How To Watch Apple's iPhone 8 Event & See Its Shiny, New Products For The First Time

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Apple is set to unveil three new iPhones at its Steve Jobs Theater in Cupertino on Tuesday, alongside a bevy of new products and software updates. Even if you don't consider yourself a rabid fan of its products, you're probably still curious about how to watch Apple's iPhone 8 event, if only to check out what the tech company that revolutionized modern-day communication has up its sleeve next.

The Tuesday event will be widely covered by the media as usual, and Twitter will surely be abuzz with talk about its new products. If you want to view it in real-time though, it's likely that tech media companies will live-stream the event on Facebook. And if you want the sure thing, you can watch it on the Apple website, where there will be a live-stream of the hours-long event beginning at 1 p.m. ET, or 10 a.m. PT. The catch, though, is that you can only stream it on the website from an iPhone, iPad, Mac in the Safari browser, Apple TV, or Windows 10 PC with the Microsoft Edge browser.

Apple is expected to introduce new iPhones, a new Apple Watch, a new Apple TV, and other software improvements. Rumors about the what the new iPhones will be called are unclear, but according to some leaks, some names floating around include iPhone 8, iPhone X, iPhone Pro, and iPhone 8 Plus. Two of them are expected to be mere updates to the iPhone 7, but one of the iPhones Apple is releasing is said to be a special version, with features potentially ranging from face-detection authentication to no home button.

Apple's new iPhones are expected to run on its new operating system, iOS 11. Older iPhones will probably be able to download the iOS 11 update sometime soon after, too.

The introduction of Apple's new iPhones are often subjected to intense scrutiny, and along with that, widespread criticism. For a company that single-handedly changed our relationship with cell phones when it released the first iPhone in 2007, it no surprise that expectations are high for each new generation it introduces.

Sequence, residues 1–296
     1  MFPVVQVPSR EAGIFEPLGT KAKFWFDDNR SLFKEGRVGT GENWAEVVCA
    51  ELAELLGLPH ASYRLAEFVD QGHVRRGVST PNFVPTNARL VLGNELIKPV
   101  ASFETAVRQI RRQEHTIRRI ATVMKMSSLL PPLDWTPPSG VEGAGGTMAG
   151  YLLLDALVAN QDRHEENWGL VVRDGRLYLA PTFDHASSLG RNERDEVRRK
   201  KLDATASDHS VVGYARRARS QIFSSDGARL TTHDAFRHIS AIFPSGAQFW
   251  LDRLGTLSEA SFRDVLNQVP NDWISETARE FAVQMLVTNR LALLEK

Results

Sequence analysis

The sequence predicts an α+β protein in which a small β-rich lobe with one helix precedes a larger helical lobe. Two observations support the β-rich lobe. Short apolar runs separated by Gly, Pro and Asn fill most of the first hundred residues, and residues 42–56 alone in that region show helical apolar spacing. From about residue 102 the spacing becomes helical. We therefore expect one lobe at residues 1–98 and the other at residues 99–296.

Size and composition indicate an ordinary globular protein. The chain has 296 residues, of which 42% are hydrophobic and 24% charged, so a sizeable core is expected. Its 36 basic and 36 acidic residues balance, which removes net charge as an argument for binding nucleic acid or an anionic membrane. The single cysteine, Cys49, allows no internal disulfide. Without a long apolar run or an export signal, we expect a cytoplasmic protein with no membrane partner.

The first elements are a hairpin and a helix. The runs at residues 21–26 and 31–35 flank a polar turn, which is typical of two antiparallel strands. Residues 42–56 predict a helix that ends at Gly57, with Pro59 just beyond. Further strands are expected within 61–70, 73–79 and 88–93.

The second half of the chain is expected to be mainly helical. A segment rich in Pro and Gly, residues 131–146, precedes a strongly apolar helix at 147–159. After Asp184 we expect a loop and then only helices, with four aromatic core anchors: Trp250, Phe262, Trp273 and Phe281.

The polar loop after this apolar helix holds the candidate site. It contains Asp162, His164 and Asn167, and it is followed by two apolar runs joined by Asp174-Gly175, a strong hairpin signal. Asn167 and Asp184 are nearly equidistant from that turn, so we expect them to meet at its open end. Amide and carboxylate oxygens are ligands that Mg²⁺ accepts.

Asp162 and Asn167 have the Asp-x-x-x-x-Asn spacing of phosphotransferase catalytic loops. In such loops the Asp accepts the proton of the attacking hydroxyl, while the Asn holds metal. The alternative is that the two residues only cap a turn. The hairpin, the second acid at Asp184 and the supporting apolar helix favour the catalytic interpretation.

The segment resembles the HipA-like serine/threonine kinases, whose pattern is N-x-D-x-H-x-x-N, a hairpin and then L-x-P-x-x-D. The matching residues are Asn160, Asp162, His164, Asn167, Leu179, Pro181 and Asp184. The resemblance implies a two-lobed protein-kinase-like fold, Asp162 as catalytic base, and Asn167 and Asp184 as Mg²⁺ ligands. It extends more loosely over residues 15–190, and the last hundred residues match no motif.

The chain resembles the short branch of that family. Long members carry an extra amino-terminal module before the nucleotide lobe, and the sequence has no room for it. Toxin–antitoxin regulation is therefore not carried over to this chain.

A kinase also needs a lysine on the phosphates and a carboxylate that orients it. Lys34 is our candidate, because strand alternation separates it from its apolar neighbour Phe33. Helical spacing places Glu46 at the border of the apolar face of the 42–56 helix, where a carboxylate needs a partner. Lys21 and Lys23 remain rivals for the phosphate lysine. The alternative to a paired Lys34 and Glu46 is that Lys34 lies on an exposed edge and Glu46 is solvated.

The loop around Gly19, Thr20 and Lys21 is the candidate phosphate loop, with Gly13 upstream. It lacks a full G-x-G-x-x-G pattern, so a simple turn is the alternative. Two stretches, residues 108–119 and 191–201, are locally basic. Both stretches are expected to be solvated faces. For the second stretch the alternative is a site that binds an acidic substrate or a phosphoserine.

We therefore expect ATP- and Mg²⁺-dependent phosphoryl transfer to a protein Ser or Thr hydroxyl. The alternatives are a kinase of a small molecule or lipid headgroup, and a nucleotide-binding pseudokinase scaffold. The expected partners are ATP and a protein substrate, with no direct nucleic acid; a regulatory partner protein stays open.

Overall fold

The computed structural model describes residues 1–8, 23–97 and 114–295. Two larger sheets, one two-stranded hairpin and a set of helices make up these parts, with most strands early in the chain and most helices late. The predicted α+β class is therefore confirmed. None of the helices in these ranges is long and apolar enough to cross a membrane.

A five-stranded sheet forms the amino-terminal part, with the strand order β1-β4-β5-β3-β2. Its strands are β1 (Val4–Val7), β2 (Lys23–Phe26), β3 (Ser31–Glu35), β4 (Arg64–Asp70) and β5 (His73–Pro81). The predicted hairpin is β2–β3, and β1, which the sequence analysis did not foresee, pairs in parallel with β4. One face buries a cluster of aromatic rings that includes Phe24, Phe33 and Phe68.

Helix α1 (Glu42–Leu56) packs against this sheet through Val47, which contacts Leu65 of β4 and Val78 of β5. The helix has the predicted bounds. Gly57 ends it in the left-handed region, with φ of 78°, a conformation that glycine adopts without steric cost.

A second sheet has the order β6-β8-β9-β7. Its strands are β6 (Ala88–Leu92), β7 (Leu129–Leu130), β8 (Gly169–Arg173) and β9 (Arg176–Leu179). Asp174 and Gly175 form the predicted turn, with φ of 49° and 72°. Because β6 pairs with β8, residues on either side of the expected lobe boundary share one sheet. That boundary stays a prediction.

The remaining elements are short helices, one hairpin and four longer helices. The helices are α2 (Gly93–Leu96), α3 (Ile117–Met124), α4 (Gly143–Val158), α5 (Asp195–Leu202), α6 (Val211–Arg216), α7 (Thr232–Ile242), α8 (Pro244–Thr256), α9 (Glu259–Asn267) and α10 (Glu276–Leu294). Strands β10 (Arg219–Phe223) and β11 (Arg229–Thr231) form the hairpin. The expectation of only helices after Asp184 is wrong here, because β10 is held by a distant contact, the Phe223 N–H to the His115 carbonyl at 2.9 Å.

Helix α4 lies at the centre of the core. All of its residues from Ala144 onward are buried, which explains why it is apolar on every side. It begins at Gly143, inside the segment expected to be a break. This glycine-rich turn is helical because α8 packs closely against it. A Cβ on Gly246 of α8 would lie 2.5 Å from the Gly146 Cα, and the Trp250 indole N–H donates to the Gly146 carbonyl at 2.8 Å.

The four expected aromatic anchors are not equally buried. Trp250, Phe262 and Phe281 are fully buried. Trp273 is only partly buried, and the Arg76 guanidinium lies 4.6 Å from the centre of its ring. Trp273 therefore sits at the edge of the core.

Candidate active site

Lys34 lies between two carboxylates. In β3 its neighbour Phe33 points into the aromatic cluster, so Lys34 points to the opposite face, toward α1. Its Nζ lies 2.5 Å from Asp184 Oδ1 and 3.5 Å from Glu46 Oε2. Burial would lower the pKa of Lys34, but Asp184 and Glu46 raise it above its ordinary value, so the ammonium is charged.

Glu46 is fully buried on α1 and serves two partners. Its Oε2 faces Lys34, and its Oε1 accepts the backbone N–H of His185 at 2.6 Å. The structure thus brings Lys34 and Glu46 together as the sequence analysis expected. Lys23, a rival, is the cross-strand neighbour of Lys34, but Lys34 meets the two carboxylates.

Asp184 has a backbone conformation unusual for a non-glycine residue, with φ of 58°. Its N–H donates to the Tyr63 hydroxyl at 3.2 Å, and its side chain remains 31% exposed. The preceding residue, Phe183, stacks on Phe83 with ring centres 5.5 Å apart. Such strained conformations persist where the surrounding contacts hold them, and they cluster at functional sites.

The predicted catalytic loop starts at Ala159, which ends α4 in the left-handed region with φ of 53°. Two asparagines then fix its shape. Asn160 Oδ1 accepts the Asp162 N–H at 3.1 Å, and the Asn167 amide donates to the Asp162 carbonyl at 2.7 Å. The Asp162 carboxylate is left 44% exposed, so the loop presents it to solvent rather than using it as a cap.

The criticism that follows in the wake of each new iPhone points to how significant the first of its kind was. Steve Jobs calling it "a revolutionary mobile phone" when he introduced it in 2007 might have sounded like Silicon Valley ballyhoo at the time, but it quickly proved to be true. The iPhone enabled people to access the internet (literally) at their fingertips; it allowed people to take photos whenever, wherever, and of whatever they wanted (and decimated the point-and-shoot camera industry in the process); it transformed the way humans interacted with one another — not just through the iPhone, but also how we communicate in real life. Heck, it even spawned creations that altered language itself, like emojis.

Each time Apple introduces a new product, it carries the weight of its first iPhone. While it's unlikely that any of their new hardware — or software for that matter — will have the same impact on the world anytime soon, Apple's event on Thursday is still a highly anticipated.

Apple isn't expected to announce any new product category entirely, given the introduction of the HomePod — meant to rival the Amazon Echo and Google Home smart speakers — in June, so there probably won't be many surprises outside of the new premium iPhone. However, CNN noted that Apple CEO Tim Cook — who isn't shy about making public statements about his political beliefs — could touch on the current state of affairs in his opening statement. Whether it's about the hurricane or the administration rolling back DACA remains to be seen, but rest assured those tuning in to watch the iPhone 8 event will catch it.